I've heard the phrase "once in a blue moon" used to mean "once in a great while". Looking it up on Wikipedia revealed that "blue moon" originally meant the third full moon in a season with four full moons, but that a popular mistake caused it to mean the second full moon in a calendar month (which is a definition I'd heard before).
But that didn't dispel all my curiosity: I've seen a "blue moon", and it's not any bluer than any normal full moon. So why is it called "blue"? Wikipedia becomes vague here:
The most literal meaning of blue moon is when the moon (not necessarily a full moon) appears to a casual observer to be unusually bluish, which is a rare event. The effect can be caused by smoke or dust particles in the atmosphere, as has happened after forest fires in Sweden and Canada in 1950 and 1951, and after the eruption of Krakatoa in 1883, which caused the moon to appear blue for nearly two years. Other less potent volcanos have also turned the moon blue.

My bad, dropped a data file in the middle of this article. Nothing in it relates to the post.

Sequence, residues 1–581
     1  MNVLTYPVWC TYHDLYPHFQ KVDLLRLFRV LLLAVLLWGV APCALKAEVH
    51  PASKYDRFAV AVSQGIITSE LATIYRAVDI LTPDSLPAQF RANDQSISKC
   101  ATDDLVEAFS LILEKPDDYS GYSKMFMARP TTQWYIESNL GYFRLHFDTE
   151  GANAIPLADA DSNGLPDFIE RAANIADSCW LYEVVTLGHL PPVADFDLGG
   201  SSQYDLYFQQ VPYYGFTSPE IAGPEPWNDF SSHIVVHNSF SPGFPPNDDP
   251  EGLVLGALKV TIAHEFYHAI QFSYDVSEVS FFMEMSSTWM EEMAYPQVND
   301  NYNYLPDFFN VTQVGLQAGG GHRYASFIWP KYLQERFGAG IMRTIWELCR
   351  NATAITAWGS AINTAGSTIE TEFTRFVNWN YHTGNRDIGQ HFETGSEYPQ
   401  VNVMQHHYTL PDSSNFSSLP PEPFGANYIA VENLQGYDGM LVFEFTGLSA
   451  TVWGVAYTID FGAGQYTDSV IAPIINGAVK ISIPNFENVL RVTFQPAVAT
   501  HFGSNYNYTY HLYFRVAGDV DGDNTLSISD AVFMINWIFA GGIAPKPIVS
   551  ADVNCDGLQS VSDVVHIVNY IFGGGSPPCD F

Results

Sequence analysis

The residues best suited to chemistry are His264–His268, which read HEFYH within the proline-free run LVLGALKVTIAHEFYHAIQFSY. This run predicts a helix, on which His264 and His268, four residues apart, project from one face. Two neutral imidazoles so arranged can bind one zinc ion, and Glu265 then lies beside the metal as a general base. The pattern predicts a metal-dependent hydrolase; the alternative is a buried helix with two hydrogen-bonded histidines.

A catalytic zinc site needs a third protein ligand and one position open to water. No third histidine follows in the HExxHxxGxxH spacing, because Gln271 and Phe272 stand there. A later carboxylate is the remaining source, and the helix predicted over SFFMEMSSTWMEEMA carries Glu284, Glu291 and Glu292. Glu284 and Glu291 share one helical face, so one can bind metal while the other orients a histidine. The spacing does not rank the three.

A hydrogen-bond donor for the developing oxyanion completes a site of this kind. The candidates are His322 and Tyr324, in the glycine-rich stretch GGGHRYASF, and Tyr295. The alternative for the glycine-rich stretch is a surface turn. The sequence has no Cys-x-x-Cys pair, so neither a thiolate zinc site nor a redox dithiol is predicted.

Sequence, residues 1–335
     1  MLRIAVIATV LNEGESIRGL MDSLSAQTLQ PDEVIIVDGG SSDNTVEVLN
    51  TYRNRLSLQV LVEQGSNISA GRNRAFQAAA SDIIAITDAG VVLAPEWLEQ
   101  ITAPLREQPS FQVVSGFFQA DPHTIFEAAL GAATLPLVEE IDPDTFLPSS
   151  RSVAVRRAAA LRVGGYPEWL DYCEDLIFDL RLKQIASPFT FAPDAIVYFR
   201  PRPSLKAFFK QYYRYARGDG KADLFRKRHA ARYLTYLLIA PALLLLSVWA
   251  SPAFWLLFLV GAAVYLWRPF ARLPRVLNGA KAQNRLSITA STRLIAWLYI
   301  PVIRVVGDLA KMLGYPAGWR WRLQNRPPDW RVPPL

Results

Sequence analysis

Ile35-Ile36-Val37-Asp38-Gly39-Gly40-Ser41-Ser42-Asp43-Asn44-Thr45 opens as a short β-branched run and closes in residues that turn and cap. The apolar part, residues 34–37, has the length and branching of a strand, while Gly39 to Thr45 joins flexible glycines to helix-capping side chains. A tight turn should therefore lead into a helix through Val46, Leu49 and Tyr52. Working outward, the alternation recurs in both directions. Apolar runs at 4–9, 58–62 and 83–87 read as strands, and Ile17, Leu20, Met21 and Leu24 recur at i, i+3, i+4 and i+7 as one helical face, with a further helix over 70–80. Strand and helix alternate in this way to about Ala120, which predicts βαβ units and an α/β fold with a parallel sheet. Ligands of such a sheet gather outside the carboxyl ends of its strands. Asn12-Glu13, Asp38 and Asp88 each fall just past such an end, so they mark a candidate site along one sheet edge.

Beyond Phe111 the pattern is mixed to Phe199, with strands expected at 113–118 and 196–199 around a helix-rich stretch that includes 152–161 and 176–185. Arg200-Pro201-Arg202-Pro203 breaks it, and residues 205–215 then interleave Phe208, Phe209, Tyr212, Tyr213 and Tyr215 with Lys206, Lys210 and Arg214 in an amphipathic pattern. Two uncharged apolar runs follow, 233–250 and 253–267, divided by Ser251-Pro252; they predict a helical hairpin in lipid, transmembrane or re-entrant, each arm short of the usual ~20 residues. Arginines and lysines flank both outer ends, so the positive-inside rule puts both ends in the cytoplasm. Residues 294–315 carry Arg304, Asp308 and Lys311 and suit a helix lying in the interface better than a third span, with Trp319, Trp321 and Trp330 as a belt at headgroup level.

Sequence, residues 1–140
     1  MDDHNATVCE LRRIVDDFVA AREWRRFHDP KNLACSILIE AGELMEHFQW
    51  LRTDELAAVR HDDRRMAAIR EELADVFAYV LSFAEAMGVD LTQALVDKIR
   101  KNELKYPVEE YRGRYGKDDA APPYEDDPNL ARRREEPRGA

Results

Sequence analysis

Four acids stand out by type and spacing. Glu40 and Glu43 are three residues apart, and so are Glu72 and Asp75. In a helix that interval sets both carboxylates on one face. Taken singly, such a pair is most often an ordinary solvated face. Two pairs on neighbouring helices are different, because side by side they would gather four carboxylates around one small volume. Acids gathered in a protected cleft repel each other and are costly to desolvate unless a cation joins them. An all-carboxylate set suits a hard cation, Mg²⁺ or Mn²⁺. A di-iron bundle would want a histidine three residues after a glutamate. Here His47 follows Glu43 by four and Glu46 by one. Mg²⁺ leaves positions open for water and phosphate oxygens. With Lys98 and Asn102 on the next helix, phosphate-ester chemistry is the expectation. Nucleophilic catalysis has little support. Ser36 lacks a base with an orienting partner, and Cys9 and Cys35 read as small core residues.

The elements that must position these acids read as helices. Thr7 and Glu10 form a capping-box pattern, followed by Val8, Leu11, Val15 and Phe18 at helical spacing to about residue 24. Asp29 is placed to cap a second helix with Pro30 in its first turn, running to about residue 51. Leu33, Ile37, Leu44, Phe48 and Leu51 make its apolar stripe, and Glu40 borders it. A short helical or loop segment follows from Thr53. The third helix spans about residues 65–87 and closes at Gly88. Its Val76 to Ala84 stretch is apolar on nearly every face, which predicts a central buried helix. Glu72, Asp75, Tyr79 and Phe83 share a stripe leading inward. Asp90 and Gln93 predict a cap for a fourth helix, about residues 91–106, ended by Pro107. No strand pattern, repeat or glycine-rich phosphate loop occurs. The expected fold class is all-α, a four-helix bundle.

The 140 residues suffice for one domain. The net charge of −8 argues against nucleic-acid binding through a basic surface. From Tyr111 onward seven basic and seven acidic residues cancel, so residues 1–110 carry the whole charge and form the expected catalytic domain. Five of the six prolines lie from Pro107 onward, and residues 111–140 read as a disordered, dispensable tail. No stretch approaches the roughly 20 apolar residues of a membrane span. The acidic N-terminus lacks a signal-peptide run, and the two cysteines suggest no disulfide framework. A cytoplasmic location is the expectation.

...The key to a blue moon is having lots of particles slightly wider than the wavelength of red light (0.7 micrometre)--and no other sizes present. This is rare, but volcanoes sometimes produce such clouds, as do forest fires.
What does the color of the moon after forest fires or volcanoes have to do with its name when it happens to be the third full moon in a season with four full moons?